For more information or registration visit Registration forms are also available at The Bike Co in Pemberton and both Corsa Cycles and Tantalus Bike Shop in Squamish.

Whistler Disc Golf Club starting up a new season

The Whistler Disc Golf Club (WDGC) is gearing up for its second official season, and is looking for members. The cost is $5 for a membership, $2 to enter the doubles tournament and $2 for the optional acepot - money that goes to the first player with a hole in one on the 27-hole Spruce Grove Course.

Even if you don't want to compete the organizers are looking for members to boost the profile of the club in Whistler.

The club meets on Wednesday nights at 6 p.m., meeting at the fourth hole where the trails meet. The municipality is asking players to start using the pedestrian bridge off the gravel parking lot behind the campground to avoid construction of the new spa.

The WDGC is also working with the municipality to complete some upgrades to the course, including new or improved tee boxes, pruning and possibly some new baskets. They will also host a few volunteer days in the coming weeks to make on-course improvements.

For more information about the club visit

Pemberton track team in the medals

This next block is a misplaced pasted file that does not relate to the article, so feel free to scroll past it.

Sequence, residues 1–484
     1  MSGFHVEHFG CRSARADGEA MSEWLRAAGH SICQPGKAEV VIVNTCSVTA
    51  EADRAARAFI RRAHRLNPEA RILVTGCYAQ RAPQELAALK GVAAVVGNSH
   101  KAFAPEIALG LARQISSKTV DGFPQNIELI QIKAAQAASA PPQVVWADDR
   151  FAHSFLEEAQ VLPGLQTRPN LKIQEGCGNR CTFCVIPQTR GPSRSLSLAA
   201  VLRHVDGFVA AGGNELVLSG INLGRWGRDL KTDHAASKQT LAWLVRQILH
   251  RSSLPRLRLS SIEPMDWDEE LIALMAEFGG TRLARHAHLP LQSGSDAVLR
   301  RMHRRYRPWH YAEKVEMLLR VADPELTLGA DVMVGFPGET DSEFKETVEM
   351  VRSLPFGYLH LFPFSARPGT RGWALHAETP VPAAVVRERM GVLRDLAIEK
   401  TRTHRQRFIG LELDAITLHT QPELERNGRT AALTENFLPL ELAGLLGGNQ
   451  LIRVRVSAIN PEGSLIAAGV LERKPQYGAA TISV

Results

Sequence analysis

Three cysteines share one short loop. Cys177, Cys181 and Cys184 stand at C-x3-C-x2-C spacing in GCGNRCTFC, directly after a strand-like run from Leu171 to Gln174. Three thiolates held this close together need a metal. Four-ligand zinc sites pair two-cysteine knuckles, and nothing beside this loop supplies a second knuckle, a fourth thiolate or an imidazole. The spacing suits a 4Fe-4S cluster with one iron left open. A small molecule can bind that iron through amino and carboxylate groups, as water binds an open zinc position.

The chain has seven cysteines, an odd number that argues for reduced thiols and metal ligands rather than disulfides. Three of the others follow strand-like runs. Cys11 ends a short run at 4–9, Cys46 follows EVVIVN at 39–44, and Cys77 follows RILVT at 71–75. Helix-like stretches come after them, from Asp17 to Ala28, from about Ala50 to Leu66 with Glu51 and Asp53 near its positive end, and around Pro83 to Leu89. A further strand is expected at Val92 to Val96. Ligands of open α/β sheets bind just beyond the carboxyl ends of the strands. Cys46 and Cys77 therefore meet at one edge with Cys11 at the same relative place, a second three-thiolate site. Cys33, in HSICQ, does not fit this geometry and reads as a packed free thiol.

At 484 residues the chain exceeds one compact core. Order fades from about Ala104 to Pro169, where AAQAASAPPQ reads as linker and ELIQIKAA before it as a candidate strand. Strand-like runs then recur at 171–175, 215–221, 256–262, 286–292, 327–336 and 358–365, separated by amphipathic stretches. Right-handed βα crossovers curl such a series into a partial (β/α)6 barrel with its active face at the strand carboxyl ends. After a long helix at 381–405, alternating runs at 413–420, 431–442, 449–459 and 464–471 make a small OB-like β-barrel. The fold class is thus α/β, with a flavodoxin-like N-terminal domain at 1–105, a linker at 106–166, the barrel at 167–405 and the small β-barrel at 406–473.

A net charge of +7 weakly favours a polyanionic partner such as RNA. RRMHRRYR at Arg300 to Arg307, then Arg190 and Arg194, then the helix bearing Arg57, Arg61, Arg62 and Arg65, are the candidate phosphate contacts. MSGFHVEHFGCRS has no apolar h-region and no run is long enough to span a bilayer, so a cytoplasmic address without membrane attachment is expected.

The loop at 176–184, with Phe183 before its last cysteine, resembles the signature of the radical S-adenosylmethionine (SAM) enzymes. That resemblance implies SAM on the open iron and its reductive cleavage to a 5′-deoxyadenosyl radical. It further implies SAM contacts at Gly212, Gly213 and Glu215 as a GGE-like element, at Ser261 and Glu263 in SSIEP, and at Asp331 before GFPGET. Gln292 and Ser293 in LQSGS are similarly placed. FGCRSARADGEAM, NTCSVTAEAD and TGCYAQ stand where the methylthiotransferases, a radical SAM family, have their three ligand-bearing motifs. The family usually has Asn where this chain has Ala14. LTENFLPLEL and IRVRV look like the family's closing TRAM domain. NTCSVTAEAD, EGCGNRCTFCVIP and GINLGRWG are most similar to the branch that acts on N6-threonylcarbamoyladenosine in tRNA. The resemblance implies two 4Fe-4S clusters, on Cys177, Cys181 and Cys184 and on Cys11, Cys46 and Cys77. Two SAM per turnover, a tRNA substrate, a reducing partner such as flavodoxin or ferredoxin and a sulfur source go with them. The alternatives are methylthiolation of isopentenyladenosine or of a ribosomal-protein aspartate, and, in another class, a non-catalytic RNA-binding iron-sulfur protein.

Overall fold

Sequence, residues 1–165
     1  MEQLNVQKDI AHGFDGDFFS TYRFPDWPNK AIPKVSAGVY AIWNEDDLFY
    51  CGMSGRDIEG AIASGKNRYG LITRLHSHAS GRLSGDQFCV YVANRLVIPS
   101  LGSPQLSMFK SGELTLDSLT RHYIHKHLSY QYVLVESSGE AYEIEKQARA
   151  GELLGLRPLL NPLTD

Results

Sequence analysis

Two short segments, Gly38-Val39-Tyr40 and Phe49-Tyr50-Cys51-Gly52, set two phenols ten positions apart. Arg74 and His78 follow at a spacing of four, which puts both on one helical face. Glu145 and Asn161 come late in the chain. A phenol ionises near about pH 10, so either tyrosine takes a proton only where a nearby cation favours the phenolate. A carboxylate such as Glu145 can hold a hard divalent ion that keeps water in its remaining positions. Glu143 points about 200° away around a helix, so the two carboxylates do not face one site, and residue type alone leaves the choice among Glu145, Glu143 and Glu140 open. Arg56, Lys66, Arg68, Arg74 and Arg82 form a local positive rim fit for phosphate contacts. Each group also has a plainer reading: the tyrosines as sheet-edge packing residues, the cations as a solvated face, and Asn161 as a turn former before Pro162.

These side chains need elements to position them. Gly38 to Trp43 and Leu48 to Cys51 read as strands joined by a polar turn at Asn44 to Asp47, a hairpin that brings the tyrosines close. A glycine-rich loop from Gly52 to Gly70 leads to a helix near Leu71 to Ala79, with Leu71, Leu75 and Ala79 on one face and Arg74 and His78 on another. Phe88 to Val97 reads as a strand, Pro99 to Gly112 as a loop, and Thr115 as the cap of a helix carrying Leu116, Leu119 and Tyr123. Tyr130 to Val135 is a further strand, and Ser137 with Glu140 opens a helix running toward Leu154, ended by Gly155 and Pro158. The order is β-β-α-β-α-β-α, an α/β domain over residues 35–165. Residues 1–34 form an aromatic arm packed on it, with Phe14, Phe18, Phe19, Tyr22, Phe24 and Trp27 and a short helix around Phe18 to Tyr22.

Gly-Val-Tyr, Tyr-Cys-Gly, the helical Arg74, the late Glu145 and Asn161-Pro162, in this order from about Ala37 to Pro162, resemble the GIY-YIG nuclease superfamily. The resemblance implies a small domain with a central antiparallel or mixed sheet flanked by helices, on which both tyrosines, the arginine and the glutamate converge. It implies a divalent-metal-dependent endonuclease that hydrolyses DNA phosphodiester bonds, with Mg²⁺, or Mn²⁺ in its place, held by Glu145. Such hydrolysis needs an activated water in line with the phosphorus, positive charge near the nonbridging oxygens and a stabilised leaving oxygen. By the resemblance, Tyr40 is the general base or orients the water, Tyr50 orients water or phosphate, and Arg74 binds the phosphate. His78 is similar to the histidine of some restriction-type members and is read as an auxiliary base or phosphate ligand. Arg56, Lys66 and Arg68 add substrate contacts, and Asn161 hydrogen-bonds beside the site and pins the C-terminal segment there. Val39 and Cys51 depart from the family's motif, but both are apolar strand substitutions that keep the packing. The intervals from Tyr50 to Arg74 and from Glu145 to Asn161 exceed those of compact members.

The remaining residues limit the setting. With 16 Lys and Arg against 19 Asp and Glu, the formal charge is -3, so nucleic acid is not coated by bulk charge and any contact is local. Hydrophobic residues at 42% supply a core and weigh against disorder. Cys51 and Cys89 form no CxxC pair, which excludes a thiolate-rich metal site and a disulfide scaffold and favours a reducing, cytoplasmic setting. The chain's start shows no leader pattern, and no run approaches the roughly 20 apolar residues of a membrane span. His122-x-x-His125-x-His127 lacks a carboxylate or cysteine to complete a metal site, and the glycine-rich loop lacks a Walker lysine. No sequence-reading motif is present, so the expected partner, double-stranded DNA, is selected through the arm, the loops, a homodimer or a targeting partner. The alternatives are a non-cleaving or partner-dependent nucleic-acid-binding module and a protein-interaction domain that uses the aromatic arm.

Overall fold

Seven kids from Signal Hill Elementary school made the trip to Richmond last week to take part in the B.C. Elementary School Track and Field Championship.

Despite a huge turnout, with between 60 and 100 kids in each category, the Signal Hill students brought back four medals.

Brook Phare won a bronze medal in shotput, while Elainah Andrew came away with gold medals in long jump and high jump, and a silver medal in the 60-metre hurdles.

Other kids participating were Todd and Simon Walsh, Lauren Phare, Dalton Pehota and Willy Benkritis.

WORCA trail days a success

A pair of trail sweep days hosted by the Whistler Off Road Cycling Association was a success, with a total of 45 volunteers taking part. Their job was to remove blowdown, prune back trees, move rocks, and generally get the trails cleared up for the season. Volunteers also removed garbage from River Runs Through It, and on May 23 pitched in to build 100 metres of new trail.